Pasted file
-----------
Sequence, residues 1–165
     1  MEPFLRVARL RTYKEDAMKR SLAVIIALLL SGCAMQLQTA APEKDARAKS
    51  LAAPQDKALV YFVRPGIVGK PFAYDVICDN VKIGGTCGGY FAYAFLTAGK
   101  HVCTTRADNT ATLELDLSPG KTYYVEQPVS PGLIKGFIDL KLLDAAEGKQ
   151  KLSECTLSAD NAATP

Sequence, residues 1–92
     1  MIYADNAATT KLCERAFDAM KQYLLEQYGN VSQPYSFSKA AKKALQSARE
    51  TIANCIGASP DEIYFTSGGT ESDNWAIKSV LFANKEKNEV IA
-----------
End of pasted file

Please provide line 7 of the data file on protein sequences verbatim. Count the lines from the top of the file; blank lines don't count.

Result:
     1  MIYADNAATT KLCERAFDAM KQYLLEQYGN VSQPYSFSKA AKKALQSARE